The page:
Grade Level Curriculum
 
 

 

Early Childhood - Elementary - Middle School - High School


 

Early Childhood Programs (Preschoolers 3 – 5 Years Old)

District 7 offers a range of early childhood programs to meet the needs of our district’s young children and their families:

The F.A.C.E.S. program (Family and Classroom Educational Support) provides free developmental screenings to all district families with children 3 and 4 years old. Speech, vocabulary and language development, English proficiency, gross and fine motor skills, social skills and cognitive knowledge and skills are all professionally evaluated. These screenings are offered monthly through the school year, and are a good opportunity for parents to get another perspective on their child’s growth and development. Results from the screening can also be used to determine eligibility for district early childhood programs for parents who are interested in these services. To schedule a screening appointment, contact the FACES office at (618)692-1222.

Pre-kindergarten classes are available to three and four year old children who have been screened and found eligible for the program. Half-day classes are offered Monday through Friday, following the District calendar. The goal of pre-kindergarten is to prepare children for kindergarten success. This is a free preschool program funded by the Illinois State Board of Education through a competitive grant process. All classes are taught by certified teachers who specialize in early childhood education. An important piece of the grant program is the parent involvement component. Families are encouraged to participate in their child’s education by attending parent/child interaction events, parenting classes and home visits with the program parent educator.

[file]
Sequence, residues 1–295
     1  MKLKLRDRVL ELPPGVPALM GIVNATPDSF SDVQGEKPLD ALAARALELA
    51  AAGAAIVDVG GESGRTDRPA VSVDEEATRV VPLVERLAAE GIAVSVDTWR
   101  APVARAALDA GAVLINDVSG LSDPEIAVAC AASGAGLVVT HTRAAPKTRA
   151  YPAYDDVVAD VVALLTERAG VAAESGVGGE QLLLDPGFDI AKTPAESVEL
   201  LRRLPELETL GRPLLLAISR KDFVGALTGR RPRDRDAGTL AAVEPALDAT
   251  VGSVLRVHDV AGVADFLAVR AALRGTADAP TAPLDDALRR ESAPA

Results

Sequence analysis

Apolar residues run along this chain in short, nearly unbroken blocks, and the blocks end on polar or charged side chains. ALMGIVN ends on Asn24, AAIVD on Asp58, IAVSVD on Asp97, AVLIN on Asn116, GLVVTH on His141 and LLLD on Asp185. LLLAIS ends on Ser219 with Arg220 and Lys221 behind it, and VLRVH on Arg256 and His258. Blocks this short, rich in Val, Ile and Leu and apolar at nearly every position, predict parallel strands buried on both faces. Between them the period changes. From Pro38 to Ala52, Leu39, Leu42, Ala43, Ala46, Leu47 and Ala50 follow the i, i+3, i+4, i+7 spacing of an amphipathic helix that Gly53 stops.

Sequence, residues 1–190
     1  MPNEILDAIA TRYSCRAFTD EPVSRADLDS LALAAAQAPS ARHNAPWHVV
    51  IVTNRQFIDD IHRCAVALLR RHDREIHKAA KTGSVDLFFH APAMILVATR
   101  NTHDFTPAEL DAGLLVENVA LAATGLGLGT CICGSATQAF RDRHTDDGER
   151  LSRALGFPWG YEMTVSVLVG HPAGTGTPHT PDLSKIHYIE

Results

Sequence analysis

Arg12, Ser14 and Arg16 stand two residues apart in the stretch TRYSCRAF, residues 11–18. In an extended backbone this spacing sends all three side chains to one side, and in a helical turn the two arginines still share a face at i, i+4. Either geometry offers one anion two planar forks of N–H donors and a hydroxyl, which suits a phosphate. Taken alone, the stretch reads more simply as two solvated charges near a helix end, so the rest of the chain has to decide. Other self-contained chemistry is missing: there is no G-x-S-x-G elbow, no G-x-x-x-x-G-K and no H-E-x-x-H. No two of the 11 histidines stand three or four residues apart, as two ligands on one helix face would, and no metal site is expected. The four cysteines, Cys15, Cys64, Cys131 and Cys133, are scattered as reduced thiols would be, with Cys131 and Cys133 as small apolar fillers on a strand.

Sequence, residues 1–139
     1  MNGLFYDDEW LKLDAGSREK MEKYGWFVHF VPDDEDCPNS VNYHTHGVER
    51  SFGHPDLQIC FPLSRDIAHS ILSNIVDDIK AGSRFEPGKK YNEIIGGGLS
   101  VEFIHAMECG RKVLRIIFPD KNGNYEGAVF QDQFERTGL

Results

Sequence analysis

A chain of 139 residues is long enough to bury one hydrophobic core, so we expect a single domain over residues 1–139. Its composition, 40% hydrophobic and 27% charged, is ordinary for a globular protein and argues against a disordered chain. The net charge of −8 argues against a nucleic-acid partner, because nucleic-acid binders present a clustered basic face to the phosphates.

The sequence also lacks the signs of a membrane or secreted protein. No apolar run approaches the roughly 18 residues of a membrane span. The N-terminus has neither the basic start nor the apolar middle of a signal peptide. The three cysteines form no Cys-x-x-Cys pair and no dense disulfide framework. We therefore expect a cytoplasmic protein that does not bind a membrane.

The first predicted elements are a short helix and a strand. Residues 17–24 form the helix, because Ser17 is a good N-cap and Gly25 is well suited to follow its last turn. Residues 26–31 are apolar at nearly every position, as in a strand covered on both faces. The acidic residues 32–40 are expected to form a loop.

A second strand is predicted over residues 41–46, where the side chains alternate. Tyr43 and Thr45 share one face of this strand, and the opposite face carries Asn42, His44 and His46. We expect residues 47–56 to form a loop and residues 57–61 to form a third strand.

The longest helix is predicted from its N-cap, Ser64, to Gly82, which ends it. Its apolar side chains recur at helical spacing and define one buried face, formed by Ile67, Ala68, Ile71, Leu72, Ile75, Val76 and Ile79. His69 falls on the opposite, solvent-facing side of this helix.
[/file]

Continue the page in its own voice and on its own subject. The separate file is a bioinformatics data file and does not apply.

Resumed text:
For parents who would like a full-day preschool program for their children, District 7 offers Preschool Academy. This is a tuition-based program that follows the District 7 school calendar. Classes are Monday through Friday, from 9:15a.m. – 3:30p.m., and are taught by teachers certified in early childhood education. For an additional fee, children enrolled in Preschool Academy may also access before and after school child care through the Little Kid Zone program. For more information about Preschool Academy or the Little Kid Zone program, please call Lori Compton, Program Director, at 655-6083.

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Elementary Education (Grades Kindergarten through Five)

Primary Academics

All schools follow the same core curricula, which includes language arts, mathematics, science, social science, physical development and health, and fine arts. All curricula have been aligned to meet Illinois Learning Standards. Students also receive instruction in music, physical education, and art by specialists certified in these areas.

All K-2 students receive ongoing assessment to determine the progress being made on the grade level curriculum. The Illinois Snapshot of Early Literacy (ISEL) is administered in fall and spring to support teachers in identifying strengths and weaknesses in each student’s literacy development. The Illinois Snapshots of Early Literacy are sets of standardized, individually administered measures of early literacy development for grades K, 1, and 2. They consist of brief measures of performance, which can be used to regularly monitor the development of early literacy skills.

Teachers also monitor each student’s instructional reading level to ensure progress in the area of reading. Title I/ Reading Improvement assistance is available for students who need additional reading instruction in order to meet grade level expectations.

In the areas of math, science, social science, writing, health, and fine arts, students are assessed using unit tests and teacher observation.

Intermediate Academics

All schools follow the same core curriculum, which includes language arts, mathematics, science, social science, physical development and health, Spanish and fine arts. Band and orchestra are also offered to interested students beginning in the fourth grade. Students receive instruction in music, physical education, Spanish, and art by a specialist certified in these areas.

All grade 3-5 students receive ongoing assessment to determine the progress being made on the grade level curriculum. In addition to teacher observation, unit tests, and assessments to determine instructional reading level, all students are administered the Illinois Standards Achievement Test (ISAT) each spring. The ISAT measures individual student achievement relative to the Illinois Learning Standards.

Gifted & Talented Programs